Existence and Absence
THE OBJECTS OF NIC WEBB
The work of Nic Webb in both wood and ceramic occupies the interstice between being and not, whereby the object that remains is a form captured moments before it disappears completely from our world. Profile by Corinne Julius.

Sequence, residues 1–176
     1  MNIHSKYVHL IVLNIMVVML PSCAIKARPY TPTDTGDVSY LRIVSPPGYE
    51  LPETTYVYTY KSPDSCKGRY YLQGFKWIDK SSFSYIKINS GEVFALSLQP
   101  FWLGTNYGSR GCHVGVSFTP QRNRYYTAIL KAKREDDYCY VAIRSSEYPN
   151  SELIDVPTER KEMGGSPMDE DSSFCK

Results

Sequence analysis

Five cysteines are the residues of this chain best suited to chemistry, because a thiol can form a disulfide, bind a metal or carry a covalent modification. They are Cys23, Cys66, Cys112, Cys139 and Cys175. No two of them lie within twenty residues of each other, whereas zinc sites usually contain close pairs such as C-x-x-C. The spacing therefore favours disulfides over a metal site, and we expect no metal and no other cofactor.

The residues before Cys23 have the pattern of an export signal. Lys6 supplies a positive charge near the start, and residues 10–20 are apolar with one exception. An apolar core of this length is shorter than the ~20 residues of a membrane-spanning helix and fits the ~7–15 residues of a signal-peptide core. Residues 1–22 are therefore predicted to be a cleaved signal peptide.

Nic Webb takes things to the edge. His extraordinary Lost Vessels push wood to the thinnest, frailest, delicacy, by a process of his own invention which involves air, fire and water – a primal process that demands complete concentration.A moment’s lapse can turn a vessel into ash. ‘I have,’ he says, ‘to be very present. As I make the object changes. I have a vision in my head, but I work with wood instinctively and without any preconceived design.What happens will differ because of the spontaneity of the process of making. It is all about movement.It is an active journey, in which I free myself from my own convention and perception of the made object.’Webb has never been conventional. Born in Sudbury, Suffolk in 1972, he grew up outside ‘in the woods, jumping in lakes, making things and sculpting in sand.’ On his mother’s side he can trace his family back directly to Henry V11 and Rob Roy and derives satisfaction that the name Webb, comes from the German for weaver. His father a solicitor was very creative and Webb’s great-great-grandfather Job Andrews was a journeyman carpenter in Devon. Webb still uses and cherishes the tools that Job made for himself. ‘I remember as a child, putting up shelves in a hedge to make a workshop furnished with my father’s tools that then went rusty. ’Today he is a stickler for looking after them,sharpening his tools with a Zen-like calmness and discipline.
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